The Puppet Master series has been consistently running for almost 30 years. With The Littlest Reich, there are now 12 films to the slasher franchise. And with that many sequels comes a precipitous drop in quality and budget down to one film only shooting 30 minutes of new footage. It hasn’t been great. But when you reach these kinds of lows, you can only go up from there, right?
Yes. Yes, as it turns out you can. Watching an army of Nazi toys kill droves of people in brutal and disgusting ways has never been so fun. I dare say that Puppet Master: The Littlest Reich is the best Puppet Master movie of all time.
Bold words, I know.
Puppet Master: The Littlest Reich
Director: Sonny Laguna, Tommy Wiklund
Release Date: August 17th, 2018 (Limited, VOD)
A simple but haunting theme plays while the opening credits collect over attractive red-and-black illustrations that serve as a threadbare bit of backstory for The Littlest Reich. The credits, title card, text of time and place, all create the illusion of a horror flick buried in the 70’s. The digital filming shakes some of that feeling, but the tone, setup, lighting, and effects hold it together.
The story is straightforward. Edgar (Thomas Lennon of Reno 911) is a recently divorced comic book artist who’s just moved back in with his parents and discovers an old puppet in his dead brother’s room. Que the music of impending doom. He learns about a convention in the exact town where his brother had found the puppet and with a new girlfriend and his boss, decides to head out to the convention and auction the puppet off. So, in the very hotel where police had killed a Nazi war criminal and puppeteer, a group of strangers crowd with luggage full of genocidal puppets in the hopes of selling them for a fortune, and of course the corn syrup dam breaks, soaking every frame in that delicious, gooey red stuff.
The Littlest Reich has no interest in building up more plot than is absolutely necessary to facilitate its messy string of murders. Just as a detective starts grilling Edgar about his puppet showing up in the room of a murdered man, someone else dies. Then someone else dies, and then someone else dies. What would be an entire act of a police officer who only believes in the facts sizing up the hero before coming to grips with the bizarre reality that a bunch of dolls are fucking everyone up takes about two minutes here, and that’s great. That’s the best thing The Littlest Reich has going for it. What we have is a cavalcade of dolls showcasing a menagerie of practical effect disembowelments, decapitations, and burnings. Gallons of blood are splattered across the walls, and every kill is as ridiculous as it is grueling.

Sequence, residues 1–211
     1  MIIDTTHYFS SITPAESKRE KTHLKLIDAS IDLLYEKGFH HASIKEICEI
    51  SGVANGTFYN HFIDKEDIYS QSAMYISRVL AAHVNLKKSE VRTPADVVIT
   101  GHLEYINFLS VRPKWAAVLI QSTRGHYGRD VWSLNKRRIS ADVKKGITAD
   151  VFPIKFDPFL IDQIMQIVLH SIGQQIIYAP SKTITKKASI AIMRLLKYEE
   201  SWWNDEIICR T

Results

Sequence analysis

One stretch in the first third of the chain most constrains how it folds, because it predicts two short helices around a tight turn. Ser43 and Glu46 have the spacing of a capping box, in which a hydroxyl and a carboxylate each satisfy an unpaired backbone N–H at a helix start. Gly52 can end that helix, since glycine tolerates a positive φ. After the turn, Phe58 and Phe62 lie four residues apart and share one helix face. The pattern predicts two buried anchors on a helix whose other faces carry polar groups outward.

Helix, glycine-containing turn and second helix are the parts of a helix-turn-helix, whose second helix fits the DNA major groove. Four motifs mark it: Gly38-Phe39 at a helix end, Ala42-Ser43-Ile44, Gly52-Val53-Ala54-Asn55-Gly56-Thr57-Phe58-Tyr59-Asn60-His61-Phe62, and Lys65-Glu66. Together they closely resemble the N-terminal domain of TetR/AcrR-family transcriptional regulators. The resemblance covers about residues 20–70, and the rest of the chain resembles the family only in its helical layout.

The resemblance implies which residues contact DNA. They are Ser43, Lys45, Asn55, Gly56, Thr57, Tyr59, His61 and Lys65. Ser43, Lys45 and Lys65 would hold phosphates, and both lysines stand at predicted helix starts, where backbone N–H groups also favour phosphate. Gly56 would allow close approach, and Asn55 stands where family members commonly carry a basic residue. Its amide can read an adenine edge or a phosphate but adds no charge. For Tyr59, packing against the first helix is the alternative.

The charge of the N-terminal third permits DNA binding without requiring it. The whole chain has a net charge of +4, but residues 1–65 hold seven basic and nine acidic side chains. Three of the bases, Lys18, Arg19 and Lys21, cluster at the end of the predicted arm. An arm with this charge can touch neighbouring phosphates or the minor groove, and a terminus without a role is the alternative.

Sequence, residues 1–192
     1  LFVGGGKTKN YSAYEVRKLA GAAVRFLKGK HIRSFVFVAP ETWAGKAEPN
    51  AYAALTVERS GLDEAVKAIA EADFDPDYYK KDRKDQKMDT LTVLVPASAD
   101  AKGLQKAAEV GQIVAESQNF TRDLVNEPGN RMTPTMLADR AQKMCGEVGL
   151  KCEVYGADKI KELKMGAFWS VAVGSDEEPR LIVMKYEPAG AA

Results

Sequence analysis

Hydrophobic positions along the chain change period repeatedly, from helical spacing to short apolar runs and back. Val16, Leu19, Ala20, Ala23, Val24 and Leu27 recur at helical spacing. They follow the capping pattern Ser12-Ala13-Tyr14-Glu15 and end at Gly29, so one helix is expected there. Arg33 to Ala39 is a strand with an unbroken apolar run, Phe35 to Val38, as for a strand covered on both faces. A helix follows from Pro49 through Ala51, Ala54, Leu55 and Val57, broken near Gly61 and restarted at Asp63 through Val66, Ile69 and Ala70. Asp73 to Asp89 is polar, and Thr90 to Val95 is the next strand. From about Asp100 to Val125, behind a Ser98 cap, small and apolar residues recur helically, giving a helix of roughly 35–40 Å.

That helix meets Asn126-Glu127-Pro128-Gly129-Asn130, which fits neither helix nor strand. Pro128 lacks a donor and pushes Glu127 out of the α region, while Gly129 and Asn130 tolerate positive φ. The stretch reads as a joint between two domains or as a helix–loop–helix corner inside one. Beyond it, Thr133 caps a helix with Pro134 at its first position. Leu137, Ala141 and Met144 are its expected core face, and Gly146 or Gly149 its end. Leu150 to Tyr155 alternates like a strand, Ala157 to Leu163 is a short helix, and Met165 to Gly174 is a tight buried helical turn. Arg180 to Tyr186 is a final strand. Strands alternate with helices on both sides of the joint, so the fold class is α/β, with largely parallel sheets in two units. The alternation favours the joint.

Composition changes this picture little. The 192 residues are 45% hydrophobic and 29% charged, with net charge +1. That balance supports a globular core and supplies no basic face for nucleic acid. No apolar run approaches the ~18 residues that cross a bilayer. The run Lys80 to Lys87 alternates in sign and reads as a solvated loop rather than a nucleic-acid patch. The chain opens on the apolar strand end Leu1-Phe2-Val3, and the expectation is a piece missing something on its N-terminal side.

There’s a great blend of horror and humor with a handful of comedians like Charlyne Yi playing characters. Unfortunately, Lennon is the only one aiming for a more stoic tone and plays the whole thing straight, always grumbling his lines as the one person who knows better than anyone else and can save the day. At one point he has to say that he understands this doll-slaughter situation perfectly, because he’s a comic book artist and has an imagination, as if it’s a super power no other mortal could possibly possess. He delivers the line like it’s a stone, absolutely cold. He just seems so wasted here.
The film also builds to a sequel-baiting and unsatisfying ending after a bare-bones climax. This is the 12th installment of a slasher franchise no one thought had survived the 90’s–of course there’s going to be a sequel. Most slashers have final stingers that leave an opening for the inevitable next chapter. This settled for too much of a cliffhanger, though, that closes with a tone more empty than energizing.
You might wonder, is Puppet Master: The Littlest Reich good enough to warrant watching every previous installment to catch up on all the backstory and lore? No, it’s not. Nothing is. But thankfully, The Littlest Reich is more than self-contained enough to dive into fresh. It’s bloody, it’s fun, and also you might get to see a puppet pull the fetus out of a pregnant woman and carry it like a newlywed out of a hotel room. It’s worth seeing.